When Gill is not writing his main occupation has, until recently, been travelling as much and as far as he can. He first travelled overland to India in 1967. In the 1980s, Gill travelled widely in India, Nepal, Thailand and Burma, as well as visiting Israel, Tunisia and Morocco, and the Seychelles. Before that he spent some time in Turkey, Iran and Afghanistan. In 1992 he was in Australia, and in 1993 he visited Mustang, an ethnic Tibetan ‘kingdom’ (it actually has a king, but is effectively under Nepali rule) in Northern Nepal, which had only been open to tourists since 1991, and about which he wrote for the adventure and travel magazine, "Outdoors Illustrated". The following year he and his wife took part in the first expedition to Nar-Phu, also in Northern Nepal, but unvisited by Europeans (and then only once) for 40 years, on which he also wrote for "Outdoors". One feature of that trip was attending a sky burial (the body is stripped and chopped up for the vultures). During the later 1990s, he travelled in Ecuador, Tanzania and Cuba; and in 2001 he spent some time on the Upper Amazon in Peru. Between 1998 and 2008, he travelled extensively in France and Spain. He has visited every capital city and country in Europe, and he’s also travelled in the USA (especially when researching two of his books, The Journey Back From Hell and "Peggy Guggenheim - Art Lover". (See the Booklist for details of these and other titles.)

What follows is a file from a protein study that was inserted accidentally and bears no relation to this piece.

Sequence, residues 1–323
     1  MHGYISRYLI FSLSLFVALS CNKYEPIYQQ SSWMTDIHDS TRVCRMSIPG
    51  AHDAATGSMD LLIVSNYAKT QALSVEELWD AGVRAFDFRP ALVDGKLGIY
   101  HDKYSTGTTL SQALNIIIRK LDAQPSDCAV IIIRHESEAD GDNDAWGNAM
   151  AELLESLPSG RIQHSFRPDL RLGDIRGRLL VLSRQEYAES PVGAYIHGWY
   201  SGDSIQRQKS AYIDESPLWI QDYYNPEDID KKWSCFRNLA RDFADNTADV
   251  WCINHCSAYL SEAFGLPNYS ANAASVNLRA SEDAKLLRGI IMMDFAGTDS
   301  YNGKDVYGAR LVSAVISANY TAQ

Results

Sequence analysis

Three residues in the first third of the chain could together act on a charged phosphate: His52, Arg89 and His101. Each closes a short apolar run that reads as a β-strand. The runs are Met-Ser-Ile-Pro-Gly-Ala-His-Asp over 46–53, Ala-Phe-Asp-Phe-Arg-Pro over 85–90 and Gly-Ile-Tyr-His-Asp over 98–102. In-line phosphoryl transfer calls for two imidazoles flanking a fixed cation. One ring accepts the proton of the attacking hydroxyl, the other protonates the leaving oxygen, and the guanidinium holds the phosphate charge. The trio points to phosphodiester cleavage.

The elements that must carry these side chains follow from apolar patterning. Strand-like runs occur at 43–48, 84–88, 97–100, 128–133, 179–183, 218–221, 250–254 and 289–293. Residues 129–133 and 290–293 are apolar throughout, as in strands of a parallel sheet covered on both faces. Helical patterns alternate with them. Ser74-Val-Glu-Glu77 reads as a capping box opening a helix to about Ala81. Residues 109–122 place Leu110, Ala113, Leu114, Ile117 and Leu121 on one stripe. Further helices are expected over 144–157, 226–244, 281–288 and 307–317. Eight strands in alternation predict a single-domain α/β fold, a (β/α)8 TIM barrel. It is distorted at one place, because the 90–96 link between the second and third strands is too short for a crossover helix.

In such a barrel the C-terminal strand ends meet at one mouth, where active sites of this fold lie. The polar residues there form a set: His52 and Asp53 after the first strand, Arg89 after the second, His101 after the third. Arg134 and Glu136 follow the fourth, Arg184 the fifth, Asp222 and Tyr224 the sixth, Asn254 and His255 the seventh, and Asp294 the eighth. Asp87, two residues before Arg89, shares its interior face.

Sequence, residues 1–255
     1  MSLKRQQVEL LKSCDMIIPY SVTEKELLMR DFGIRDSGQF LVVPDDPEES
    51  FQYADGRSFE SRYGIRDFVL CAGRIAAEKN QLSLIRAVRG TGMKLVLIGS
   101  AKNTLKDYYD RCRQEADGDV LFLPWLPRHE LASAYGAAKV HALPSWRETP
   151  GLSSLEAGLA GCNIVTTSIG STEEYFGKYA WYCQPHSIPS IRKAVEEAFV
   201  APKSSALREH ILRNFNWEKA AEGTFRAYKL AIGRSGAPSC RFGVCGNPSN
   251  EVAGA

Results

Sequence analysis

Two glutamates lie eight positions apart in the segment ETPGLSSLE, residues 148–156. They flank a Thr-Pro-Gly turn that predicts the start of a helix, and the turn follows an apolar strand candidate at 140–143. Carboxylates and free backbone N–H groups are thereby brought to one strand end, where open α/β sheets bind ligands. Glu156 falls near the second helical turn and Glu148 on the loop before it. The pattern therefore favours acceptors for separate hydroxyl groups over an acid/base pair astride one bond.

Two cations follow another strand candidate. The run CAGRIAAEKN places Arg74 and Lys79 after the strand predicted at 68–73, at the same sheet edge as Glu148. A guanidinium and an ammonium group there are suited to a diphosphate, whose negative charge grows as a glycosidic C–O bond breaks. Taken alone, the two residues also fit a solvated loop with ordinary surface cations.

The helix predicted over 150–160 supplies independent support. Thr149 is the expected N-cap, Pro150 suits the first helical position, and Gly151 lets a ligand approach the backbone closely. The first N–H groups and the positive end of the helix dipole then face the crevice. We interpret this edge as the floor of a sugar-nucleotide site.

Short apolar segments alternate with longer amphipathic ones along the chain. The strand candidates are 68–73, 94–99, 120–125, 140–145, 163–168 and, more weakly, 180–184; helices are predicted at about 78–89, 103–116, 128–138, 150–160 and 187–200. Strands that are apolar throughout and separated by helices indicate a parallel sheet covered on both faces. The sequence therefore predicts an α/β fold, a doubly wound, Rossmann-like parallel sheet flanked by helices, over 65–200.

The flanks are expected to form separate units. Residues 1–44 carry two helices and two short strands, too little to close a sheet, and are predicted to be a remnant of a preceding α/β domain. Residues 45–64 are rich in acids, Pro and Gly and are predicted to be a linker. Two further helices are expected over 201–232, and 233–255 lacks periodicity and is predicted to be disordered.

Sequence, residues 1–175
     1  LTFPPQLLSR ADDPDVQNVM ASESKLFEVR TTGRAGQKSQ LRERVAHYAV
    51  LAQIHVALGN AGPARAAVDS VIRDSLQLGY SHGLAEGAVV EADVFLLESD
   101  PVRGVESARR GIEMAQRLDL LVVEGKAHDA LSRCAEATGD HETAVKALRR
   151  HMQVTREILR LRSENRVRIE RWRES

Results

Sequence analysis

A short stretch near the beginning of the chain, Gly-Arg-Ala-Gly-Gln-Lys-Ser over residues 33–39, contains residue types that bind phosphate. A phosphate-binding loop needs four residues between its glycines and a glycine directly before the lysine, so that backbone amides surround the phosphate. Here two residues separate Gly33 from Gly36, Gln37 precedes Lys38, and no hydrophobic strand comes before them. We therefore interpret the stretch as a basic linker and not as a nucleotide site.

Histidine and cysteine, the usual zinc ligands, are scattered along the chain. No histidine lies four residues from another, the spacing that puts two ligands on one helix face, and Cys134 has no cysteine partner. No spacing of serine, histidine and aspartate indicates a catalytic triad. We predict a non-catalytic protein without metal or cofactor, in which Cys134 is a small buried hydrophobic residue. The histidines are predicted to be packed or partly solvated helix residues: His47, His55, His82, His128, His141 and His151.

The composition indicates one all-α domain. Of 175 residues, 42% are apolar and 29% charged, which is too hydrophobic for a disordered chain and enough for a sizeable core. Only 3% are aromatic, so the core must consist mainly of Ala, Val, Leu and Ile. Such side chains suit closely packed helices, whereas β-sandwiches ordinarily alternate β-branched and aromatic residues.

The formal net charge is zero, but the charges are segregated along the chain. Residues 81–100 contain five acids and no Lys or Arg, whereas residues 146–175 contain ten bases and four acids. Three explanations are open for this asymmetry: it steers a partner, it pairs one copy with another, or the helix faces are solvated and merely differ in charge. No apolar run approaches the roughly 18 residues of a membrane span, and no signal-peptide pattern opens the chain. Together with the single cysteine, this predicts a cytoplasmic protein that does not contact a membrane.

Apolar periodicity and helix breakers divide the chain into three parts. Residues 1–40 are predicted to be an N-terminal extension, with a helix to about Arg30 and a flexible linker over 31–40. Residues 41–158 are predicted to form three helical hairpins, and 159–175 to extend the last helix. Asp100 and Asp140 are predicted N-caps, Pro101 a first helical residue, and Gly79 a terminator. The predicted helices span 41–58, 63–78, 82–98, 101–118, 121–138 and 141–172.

Recently, Anton has visited Nambia, Costa Rica, Sweden, Finland, Russia and Estonia, and travelled the entire length of the Norwegian coast...
In 2007, he visited Ethiopia, and also spent some time during the period 2002-2009 making frequent visits to Venice. In recent years he has spent more and more time in France, a country he has been fond of since his first visit to Paris forty years ago. Gill has also written for SKI MAGAZINE about the Zen of skiing, on women’s life in dictator Nicolae Ceaucescu’s Romania, for "Woman", and about croquet for "Country Living". He has also contributed features (on subjects ranging from seventeenth-century explorers to the anti-Nazi resistance) to "The Times Higher Education Supplement".
He’s interested in whale conservation, and has been since long before it became fashionable – he has worked for Friends of the Earth as a volunteer, and remains a member of Greenpeace.
Outside work and travel, he enjoys are cooking, looking at paintings (from Giotto to Jackson Pollock and beyond), and playing the clarinet (badly). He paints a bit and draws cartoons, but only for his own amusement, as he’s pretty bad at them too. Gill currently lives in London and Paris, and, from March 2003 until recently, has spent most of his time in the French capital. His wife (since January 2005) is the actress, Marji Campi. The sons of her first marriage both live in Barcelona with their families, and Marji and he are frequent visitors there.